The man laughed, "Worth it, in my opinion."
Jade growled, "You have your proof of death, Silva, I expect you've wired the credits to my account?"
"Of course, of course! Though I could add a little extra if you simply move your hand."
Jade narrowed her eyes. "A show like that would cost you at least a million. Because I'm worth it."
She heard him chuckle, "Indeed you are." There was a pause and then he smiled, "Feel free to move your hand now."
Jade flashed her fangs, "Of course, you don't mind if I check first, right?"
Silva shrugged and Jade used her free hand to pull up her bank account. Sure enough, her initial payment had been received, along with the extra. She grinned and lifted her hand away from her chest. "Feast your eyes, perv."
She grinned as the reptilian choked. "Now that is worth a million!" He grinned from horn to horn, "I'll let you know when the next contract opens."
Jade returned her hand to her chest and growled, "This stays between us. Remember, I know where you live."
Silva's expression didn't change but she could tell that he flinched. "Of course. Until next time, gorgeous."
The video screen faded away and Jade quickly began to transfer her payment to other accounts. She sighed and turned to her right, seeing a map of the nearby systems. She spotted a contract pinned on a planet a few hundred lightyears away, and she gawked at the price tag.
"Ten billion units?" She whispered, "I could retire early with a payday like that."
She furiously began to type in calculators and coordinates. Her computer's voice echoed I'm the cockpit, "ERROR, PLEASE RECALCULATE TRAGECTORY."
Jade bared her teeth in anger as the holographic screen projected a diagnostic of her ship. One single line of text blinked slowly, enveloping her attention.
"FUEL LEVEL LOW, MAXIMUM SAFE TRAVEL: 40 LIGHTYEARS."
She swore under her breath, growling deep in her throat. She adjusted the microphone on her headset and cleared her throat. Her dual vocal cords echoed faintly in the cockpit. "Destiny, lock in coordinates to the nearest space station. Lock down cargo and prepare to engage hyperdrive."
The hologram buzzed to life as the various systems reacted to the sound of her voice. As Jade waited she shut her eyes, gently running her fingers over her bare chest. Jade's was proud of her body, hating to cover such beauty with clothes. Her arms, legs, and back were covered in ornate tribal tattoos. Jade had spent three continuous days enduring the hand poked tattoo, and she felt very proud in displaying the art whenever she could. She let her hands wander about her curves for a moment before stopping. Jade blinked a few times and shook her head. The bells at he tips of her long silver braids jingled. Jade whispered to herself, "There's time for that during lightspeed." Since she worked alone, she took every opportunity she could to relieve her tensions, as it allowed her to focus on her work without distraction. Companionship meant liability in her line of work.
She waited patiently for the computer, leaning back in her fur lined throne. Once all systems had finished their tasks, a soft voice echoed, "Hyperdrive on standby."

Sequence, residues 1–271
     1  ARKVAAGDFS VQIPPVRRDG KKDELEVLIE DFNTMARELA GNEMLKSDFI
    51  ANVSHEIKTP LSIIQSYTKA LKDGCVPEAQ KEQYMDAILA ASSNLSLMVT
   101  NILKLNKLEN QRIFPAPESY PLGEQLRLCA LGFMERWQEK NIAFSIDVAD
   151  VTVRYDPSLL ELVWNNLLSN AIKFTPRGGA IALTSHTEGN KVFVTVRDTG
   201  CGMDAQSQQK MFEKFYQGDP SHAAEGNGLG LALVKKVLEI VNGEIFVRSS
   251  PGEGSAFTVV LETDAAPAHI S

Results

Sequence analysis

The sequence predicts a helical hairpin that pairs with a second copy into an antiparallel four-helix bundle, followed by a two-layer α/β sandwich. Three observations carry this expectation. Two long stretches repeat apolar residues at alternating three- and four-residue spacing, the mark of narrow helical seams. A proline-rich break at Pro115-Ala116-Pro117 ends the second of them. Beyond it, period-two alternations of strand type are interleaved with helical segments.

Jade took a soft breath. "Engage."
The starship lurched forward, the engines roaring ferociously behind her for a moment before the sound dampening system kicked in. She heard a familiar beeping and glanced up at the hologram, seeing the countdown from ten seconds. She felt the comforting shiver of excitement she always felt before launch, smiling softly to herself.
She braced herself in the chair and said, "Open view port, engage shield."
The large metal screen in front of her pulled away, revealing the grand masses of stars and planets before her. Jade took a deep breath and counted down, "Five. Four. Three. Two. One."
The ship screamed forward, and the starlight formed a beautiful tunnel around the Destiny as it traveled through hyperspace. Jade slumped back into her chair and closed her eyes. "Destiny, Disengage interior gravity field."
Jade felt herself lifting off of her chair, becoming weightless. Her braids jingled softly as they spread around her like a lionfish.
Jade pulled off her headset, letting it float in front of her as she stretched, running her hands along her body again and she shivered again. She twisted in midair, turning to the sealed door behind her. She touched the panel next to the door, feeling the familiar cold screen. The door opened and Jade floated into the corridor. She turned left towards her quarters and entered through another door. The walls were decorated with digital posters of various terrains she had visited during her travels. She drifted toward her bed, covered with a fur blanket and pillow. Jade wandered to the storage locker next to the bed, opening it delicately. Inside were a few personal mementos and data logs, and a small decorative box on the top shelf. She shivered as she thought about its contents. "Later. I think I need to sleep for now." She gripped the stability handle above her bed and lay down on the warm gel bed, covering herself with the fur. Jade breathed a sigh of relief as she relaxed, closing her eyes. It was at that moment that she felt how tired she really was, her muscles ached and groaned as she pressed a button on the side of the bed, changing the density of the gel to allow her to sink. The warm gel creeped over her legs and belly, then her chest and shoulders.